Articles filed under General from Virginia
If you could harness the charge generated in Highland County from the debate over a proposed wind farm, you wouldn't need the windmills for electricity.
There seems to be no good way to properly site these turbines on unspoiled Appalachian mountains without causing irreparable damage. The State Corporation Commission has an opportunity to do the right thing by heeding the growing warnings about negative, cumulative effects its own experts are offering.
Even if federal ridge lines were forever protected, and that is a very dangerous assumption, there is sufficient privately-owned mountain terrain here with attractive enough wind scales for developers to significantly downgrade the scenic values that are the backbone of Bath’s economy and the promise of its future. The stakes for Bath could be every bit as high as they are now for Highland.
RICHMOND — A bill to give localities the option of how to tax wind utility equipment passed the House of Delegates Monday by a margin of 10 votes.
RICHMOND — Five state agencies plus the U.S. Army Corps of Engineers believes Highland New Wind Development’s application for a wind project is insufficient.
MONTEREY — Highland County planners now have 60 days to take another look at Highland New Wind Development LLC’s application for an industrial wind facility here.
MONTEREY— Highland New Wind Development’s attorneys have formally requested the company’s application process to step along in time for construction of its wind turbines to begin this year.
MONTEREY — Highland County residents opposed to the wind utility proposed by Highland New Wind Development LLC have often cited the proliferation of more such industrial projects as a large concern in granting the first one. And it appears they have reason to believe a second project is planned.
The Senate passed a bill Friday that would set taxation rates on 18 to 20 proposed wind turbines in Highland County.
Take us up on this offer and we believe you will come to understand why most Highlanders have reached the conclusion this proposal is more about profit for a very few people at taxpayers’ expense than a viable source of new energy, and that it will destroy much more than the views we now enjoy. It will lead to the destruction of our natural heritage which, as outlined in our comprehensive land use plans, is the foundation of our promising future.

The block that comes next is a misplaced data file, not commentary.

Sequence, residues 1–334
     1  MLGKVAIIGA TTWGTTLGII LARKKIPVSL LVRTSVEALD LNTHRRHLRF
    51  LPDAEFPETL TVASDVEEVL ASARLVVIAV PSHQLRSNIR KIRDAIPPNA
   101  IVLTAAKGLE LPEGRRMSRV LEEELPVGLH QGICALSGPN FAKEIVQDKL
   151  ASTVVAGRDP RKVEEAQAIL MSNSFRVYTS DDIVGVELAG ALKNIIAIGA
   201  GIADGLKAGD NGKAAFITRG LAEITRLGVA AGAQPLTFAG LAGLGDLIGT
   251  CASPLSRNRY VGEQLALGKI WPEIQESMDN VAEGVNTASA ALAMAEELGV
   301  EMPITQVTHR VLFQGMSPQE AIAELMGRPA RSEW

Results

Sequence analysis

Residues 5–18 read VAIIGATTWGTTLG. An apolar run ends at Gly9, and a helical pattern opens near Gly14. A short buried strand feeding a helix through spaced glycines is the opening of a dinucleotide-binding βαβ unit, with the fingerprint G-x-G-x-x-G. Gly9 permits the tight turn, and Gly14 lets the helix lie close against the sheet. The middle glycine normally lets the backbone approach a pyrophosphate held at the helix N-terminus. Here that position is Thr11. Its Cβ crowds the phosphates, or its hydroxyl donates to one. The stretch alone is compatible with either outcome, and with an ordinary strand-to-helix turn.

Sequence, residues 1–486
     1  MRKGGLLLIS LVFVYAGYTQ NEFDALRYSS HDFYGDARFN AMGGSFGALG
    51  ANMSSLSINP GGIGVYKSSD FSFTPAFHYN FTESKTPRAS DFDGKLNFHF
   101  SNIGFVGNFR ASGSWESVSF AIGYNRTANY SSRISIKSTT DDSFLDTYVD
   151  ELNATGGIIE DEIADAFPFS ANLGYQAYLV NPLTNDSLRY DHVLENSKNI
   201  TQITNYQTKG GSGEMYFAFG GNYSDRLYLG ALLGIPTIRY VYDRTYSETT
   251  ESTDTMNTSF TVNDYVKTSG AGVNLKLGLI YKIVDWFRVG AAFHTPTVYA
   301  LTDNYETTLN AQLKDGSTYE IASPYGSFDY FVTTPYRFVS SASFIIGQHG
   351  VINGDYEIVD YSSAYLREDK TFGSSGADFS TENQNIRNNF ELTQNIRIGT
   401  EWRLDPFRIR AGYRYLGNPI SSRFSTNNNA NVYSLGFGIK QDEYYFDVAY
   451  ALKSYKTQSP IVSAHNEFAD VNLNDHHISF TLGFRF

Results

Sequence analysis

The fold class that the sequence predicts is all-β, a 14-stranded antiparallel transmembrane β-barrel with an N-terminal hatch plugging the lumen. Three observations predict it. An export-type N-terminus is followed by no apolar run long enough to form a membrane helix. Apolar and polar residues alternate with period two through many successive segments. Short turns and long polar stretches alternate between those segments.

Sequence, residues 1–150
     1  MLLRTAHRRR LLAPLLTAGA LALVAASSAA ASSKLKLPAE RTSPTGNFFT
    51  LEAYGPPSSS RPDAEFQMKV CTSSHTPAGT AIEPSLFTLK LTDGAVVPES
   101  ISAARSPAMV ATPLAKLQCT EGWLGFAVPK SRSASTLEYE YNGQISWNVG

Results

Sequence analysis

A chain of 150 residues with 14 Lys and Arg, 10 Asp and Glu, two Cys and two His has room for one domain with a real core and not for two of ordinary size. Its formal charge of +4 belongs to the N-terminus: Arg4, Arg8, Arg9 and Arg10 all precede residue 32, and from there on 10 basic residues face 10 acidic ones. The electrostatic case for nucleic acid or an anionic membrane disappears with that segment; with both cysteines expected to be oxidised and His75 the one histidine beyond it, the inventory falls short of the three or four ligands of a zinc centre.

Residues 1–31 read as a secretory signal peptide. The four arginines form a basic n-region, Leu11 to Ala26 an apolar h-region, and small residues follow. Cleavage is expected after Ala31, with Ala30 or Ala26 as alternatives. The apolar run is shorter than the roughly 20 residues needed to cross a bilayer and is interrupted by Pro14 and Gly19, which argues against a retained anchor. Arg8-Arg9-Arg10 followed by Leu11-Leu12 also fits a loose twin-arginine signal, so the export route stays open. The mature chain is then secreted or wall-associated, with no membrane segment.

MONTEREY— It’s been nearly four tumultuous years since the idea of industrial wind energy first surfaced in Highland County. As state-level reviews and court decisions move along, 2006 might bring closure to the issue here. Given the amount of time it’s taken to get this far, however, few would bet on that. Those opposed to the project continue to fight vigorously at every level to prevent construction.
RICHMOND – The State Corporation Commission (SCC) has scheduled public hearings in March 2006 to consider a proposal by Highland New Wind Development, LLC (HNWD) to construct a wind-powered electric generation facility in Highland County.
MONTEREY — County attorneys argued vigorously Monday before the judge and a nearly full courtroom, but were unsuccessful in having one of the lawsuits brought against Highland to contest its decision permitting an industrial wind utility here dismissed.
MONTEREY — Highland New Wind Development and the county took a double hit Monday, and for the first time, opponents of industrial wind energy felt they were given credibility by the system.
After years of feeling unheard and overlooked, the county majority opposed to the project are soon to get an objective, meaningful review of their position. It’s a shame it took a lawsuit to get here, but that’s where we are.
"I think the battleground is right here in the county right now with the landowners who've said no," said Sites.
It’s going to get complicated and emotional, but whatever comes out in the wash is certain to affect the backyards of all Highland residents one way or another. And certainly, those of all Virginians. Editor's note: a 'Flow Chart on Wind Energy Players in Virginia' that accompanied this article is available as a 'document' (11/18/05). The flow chart is an initial effort to show the interconnections/collusion between the different entities working to promote wind development in Virginia.
Press Release from Utility Wind Interest Group November 16, 2005 Reston, Virginia, USA --- The Utility Wind Interest Group (UWIG) announced today that it will change its name to the Utility Wind Integration Group, effective January 1, 2006. The UWIG Board of Directors voted to make the change, as well as change the organization's tax exempt corporate status.
The issue of reliability is brushed aside. Cape Wind proposes to replace (Greenpeace citation) 75 percent of now-fossil-produced power to the area. Imagine what happens if the wind stops or becomes too brisk. In the former case, you had better have a source of standby power available immediately. In the case of too much wind, the effect is the same. The turbines are designed to "feather" to self-protect, but the result is the same as no wind at all.
Virginia local governments would lose zoning and land-use authority over designated sites for wind farms, nuclear plants and other low-emission energy facilities under a proposal being studied by a legislative panel.